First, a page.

The defendant was arrested and brought to the police station for questioning about a rape. The officers asked the defendant if he wanted an attorney and that any statements he made could be used against him in court. They did not tell him he had the right to have an attorney appointed to represent him if he could not afford one himself. The defendant stated that he understood his rights and invoked the name of an associate, Henderson, as an alibi. The police interviewed Henderson. They learned that the defendant was not in his company at the time of the crime and made several incriminating statements to Henderson on the day following the crime. The police only knew of Henderson’s identity as a result of the defendant’s statements.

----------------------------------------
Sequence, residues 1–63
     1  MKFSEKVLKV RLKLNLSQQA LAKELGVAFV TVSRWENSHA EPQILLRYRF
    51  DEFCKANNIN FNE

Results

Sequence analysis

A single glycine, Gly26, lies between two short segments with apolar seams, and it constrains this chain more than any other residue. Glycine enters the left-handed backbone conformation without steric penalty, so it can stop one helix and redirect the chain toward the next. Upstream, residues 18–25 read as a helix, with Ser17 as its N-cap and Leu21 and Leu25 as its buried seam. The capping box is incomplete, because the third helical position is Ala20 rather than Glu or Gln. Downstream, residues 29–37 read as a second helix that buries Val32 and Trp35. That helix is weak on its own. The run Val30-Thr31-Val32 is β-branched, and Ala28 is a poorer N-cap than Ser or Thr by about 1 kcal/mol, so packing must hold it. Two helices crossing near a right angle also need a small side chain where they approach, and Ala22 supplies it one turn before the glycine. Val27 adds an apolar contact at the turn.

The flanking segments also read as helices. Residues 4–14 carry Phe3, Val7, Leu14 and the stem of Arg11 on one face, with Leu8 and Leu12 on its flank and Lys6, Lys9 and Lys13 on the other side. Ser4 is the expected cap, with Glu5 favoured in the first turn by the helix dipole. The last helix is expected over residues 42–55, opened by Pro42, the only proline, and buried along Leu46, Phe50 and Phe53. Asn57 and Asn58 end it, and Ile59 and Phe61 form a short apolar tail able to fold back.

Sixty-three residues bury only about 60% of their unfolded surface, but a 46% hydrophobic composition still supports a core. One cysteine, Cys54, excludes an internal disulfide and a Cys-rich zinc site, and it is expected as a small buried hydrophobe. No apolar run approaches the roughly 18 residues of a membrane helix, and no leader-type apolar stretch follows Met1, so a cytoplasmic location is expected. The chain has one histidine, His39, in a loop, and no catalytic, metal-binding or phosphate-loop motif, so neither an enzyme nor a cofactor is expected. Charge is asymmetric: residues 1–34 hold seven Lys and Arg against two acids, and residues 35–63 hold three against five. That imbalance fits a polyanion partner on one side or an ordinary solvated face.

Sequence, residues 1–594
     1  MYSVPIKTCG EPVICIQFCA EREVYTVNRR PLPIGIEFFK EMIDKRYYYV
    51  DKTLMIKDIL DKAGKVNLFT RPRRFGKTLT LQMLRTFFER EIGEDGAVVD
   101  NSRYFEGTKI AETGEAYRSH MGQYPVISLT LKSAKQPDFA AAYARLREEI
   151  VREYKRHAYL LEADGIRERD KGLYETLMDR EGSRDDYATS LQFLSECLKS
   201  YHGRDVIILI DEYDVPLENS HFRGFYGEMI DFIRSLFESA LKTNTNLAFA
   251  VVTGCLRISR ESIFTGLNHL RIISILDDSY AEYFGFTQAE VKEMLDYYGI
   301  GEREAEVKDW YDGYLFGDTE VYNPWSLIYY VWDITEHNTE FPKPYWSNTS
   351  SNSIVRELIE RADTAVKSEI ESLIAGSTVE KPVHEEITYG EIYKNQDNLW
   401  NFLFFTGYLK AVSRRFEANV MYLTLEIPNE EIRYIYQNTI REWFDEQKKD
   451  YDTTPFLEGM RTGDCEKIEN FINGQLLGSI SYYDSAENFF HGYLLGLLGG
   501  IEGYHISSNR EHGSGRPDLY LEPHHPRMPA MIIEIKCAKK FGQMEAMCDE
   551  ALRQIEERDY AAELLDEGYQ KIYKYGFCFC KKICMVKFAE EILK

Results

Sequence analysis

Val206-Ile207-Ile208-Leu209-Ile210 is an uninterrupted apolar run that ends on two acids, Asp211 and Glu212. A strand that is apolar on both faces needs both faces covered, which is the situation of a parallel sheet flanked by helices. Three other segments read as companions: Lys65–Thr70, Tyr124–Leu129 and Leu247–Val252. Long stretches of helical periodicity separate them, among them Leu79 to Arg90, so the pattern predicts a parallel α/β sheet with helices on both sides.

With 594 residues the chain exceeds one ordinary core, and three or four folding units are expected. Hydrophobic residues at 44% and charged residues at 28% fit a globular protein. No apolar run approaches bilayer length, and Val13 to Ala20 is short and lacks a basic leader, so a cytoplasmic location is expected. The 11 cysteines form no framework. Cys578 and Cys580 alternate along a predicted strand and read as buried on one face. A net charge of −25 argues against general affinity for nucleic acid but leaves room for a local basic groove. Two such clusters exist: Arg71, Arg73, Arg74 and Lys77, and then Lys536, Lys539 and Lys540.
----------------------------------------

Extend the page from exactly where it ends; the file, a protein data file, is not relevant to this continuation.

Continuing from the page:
Whether the government may use information (Henderson’s statements) obtained after providing imperfect Miranda warnings?
Yes. The purpose of the exclusionary rule is designed to deter future law enforcement behavior.
The Court stated that “[J]ust as the law does not require that a defendant receive a perfect trial, only a fair one, it cannot realistically require that policemen investigating serious crimes make no errors whatsoever.” The police asked the defendant if he wanted an attorney, and he stated that he did not. “Whatever deterrent effect on future police conduct the exclusion of those statements may have had, we do not believe it would be significantly augmented by excluding the testimony of the witness Henderson as well.”
417 U.S. 433, 94 S. Ct. 2357 (1974)